While debate continues over a Maryland plan to add toll lanes to Interstate 270, one effort to improve congestion on the busy highway is about to take effect.
The State Highway Administration’s ramp metering system will turn on Tuesday, meaning drivers on the southbound I-270 ramp at Md. 80 outside Urbana should soon see flashing yellow lights as the system prepares to go live on Sept. 15.
It’s part of the state’s I-270 Innovative Congestion Management project, a $132 million plan to deal with the traffic that often chokes the highway running from Frederick to the suburbs of Washington, D.C. Other parts of the plan include adding more auxiliary lanes between interchanges, extending acceleration and deceleration lanes, and reconfiguring and restriping existing lanes.
Ramp metering uses sensors to determine traffic conditions in real time. Data is used to operate traffic signals that control the amount of traffic merging onto I-270 to regulate the amount of traffic on the road.
Once the system is active, motorists will stop when the beacons are flashing and can move onto the highway once the signal turns green, according to an SHA news release.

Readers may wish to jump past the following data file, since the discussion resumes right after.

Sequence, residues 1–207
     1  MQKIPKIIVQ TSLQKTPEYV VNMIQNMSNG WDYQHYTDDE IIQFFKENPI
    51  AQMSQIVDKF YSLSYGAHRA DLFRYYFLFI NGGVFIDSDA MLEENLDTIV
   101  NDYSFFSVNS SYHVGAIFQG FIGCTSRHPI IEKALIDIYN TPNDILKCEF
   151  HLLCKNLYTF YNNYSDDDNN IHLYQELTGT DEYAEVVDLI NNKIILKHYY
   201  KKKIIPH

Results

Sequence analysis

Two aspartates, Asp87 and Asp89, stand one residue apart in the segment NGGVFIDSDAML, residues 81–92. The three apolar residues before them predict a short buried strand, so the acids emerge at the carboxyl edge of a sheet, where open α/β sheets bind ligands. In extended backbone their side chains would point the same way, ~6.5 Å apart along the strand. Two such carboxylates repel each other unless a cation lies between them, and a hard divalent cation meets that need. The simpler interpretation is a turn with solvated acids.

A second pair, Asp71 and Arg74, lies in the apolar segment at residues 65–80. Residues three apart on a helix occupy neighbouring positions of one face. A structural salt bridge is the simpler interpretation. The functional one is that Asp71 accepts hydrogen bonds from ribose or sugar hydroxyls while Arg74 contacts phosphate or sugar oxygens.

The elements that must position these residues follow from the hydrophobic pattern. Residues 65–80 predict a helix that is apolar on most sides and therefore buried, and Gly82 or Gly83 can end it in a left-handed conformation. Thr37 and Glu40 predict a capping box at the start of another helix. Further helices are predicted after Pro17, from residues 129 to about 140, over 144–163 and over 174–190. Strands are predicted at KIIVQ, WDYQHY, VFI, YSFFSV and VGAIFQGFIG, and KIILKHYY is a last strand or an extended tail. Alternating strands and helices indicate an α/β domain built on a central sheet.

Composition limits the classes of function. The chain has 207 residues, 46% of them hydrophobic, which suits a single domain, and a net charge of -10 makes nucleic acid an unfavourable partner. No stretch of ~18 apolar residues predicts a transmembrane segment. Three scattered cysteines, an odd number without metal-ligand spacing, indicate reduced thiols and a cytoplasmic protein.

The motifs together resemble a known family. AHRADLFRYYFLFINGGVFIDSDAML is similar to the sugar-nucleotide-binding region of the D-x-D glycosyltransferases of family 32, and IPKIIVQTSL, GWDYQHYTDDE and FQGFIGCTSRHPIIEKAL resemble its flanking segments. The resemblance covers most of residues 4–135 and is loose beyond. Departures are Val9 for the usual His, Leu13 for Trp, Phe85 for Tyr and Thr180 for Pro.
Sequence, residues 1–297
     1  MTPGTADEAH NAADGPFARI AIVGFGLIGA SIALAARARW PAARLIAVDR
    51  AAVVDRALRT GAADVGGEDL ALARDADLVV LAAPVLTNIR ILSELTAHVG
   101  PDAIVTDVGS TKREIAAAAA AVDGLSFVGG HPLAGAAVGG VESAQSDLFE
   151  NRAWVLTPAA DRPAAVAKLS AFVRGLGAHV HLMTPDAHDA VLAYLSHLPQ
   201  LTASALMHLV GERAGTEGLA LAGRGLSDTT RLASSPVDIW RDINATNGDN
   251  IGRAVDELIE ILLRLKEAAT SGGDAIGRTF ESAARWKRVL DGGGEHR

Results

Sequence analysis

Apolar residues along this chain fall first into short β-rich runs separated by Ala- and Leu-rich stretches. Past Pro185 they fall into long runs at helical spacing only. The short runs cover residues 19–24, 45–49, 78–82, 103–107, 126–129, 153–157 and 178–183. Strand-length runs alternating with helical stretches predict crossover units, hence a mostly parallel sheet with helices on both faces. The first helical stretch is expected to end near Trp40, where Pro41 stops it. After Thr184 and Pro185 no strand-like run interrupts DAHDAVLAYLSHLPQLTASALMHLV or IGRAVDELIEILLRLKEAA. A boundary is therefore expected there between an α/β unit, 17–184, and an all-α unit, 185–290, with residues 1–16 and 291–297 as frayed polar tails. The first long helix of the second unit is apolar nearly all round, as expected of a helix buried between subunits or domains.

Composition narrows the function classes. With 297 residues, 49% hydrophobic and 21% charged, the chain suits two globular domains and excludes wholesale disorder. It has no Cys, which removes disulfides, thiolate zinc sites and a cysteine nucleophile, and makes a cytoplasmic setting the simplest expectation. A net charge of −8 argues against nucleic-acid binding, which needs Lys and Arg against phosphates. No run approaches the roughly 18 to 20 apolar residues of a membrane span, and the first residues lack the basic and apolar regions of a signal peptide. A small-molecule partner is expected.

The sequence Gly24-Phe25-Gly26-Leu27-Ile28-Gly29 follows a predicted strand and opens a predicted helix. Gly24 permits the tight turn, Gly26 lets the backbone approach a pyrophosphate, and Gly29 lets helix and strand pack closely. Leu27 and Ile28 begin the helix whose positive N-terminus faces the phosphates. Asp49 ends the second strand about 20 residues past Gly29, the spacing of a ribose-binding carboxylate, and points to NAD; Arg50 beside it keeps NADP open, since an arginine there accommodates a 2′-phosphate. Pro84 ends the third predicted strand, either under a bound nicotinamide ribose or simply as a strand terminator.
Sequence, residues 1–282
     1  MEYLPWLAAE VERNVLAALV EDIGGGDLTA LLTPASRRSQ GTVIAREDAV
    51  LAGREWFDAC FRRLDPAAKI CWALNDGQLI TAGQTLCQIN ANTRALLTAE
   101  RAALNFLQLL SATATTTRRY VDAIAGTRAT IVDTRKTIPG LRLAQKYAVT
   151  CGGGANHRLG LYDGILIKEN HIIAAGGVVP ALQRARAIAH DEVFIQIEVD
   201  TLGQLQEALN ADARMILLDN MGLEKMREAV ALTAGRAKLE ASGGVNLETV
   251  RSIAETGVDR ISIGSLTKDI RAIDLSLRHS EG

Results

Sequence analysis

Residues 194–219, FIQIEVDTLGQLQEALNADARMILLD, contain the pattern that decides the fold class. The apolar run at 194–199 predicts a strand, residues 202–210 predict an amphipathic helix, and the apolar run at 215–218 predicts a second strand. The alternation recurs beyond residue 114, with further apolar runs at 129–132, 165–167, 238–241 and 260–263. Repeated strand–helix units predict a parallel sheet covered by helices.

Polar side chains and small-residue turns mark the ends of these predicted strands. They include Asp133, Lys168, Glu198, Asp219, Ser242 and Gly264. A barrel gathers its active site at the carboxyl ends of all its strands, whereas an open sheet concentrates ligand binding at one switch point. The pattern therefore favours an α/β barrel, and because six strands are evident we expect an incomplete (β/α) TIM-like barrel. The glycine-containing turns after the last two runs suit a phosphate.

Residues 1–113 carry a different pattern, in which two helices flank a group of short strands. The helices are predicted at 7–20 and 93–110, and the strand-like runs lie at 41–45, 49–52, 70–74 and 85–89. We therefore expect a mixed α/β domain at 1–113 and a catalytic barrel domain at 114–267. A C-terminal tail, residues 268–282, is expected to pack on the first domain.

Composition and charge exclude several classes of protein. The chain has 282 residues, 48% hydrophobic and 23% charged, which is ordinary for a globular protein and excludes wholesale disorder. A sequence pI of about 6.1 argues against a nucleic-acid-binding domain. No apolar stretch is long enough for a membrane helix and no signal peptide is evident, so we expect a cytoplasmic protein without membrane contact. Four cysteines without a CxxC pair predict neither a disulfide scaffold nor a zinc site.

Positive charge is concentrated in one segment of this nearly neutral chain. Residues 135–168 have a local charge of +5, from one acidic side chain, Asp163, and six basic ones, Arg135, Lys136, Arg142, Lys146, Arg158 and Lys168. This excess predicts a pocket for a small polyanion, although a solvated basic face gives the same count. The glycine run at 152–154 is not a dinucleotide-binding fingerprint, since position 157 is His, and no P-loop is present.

The activation process that begins Tuesday will unfold over the course of about a week, with groups of ramps being turned on each day.
The Md. 80 ramp is the only location in Frederick County among the 23 spots for ramp metering, SHA spokeswoman Shantee Felix said Monday. The other locations are in Montgomery County.
The signals will be able to operate from 4 a.m. to 11 p.m. each day but are expected to be active during peak traffic hours and when the sensors detect congestion.
Along with the 23 spots on southbound I-270 that are being activated, SHA plans to install meters on 22 ramps to northbound I-270 in 2022, according to the release. In all, there are plans to have 45 meters at 18 intersections when the project is complete.
The congestion management project is separate from the Traffic Relief Plan that would stretch from the American Legion Bridge on I-495 between Maryland and Virginia to I-70 in Frederick.
The first step of that controversial initiative would replace the Legion Bridge and build two toll lanes from the bridge to I-370 near Gaithersburg.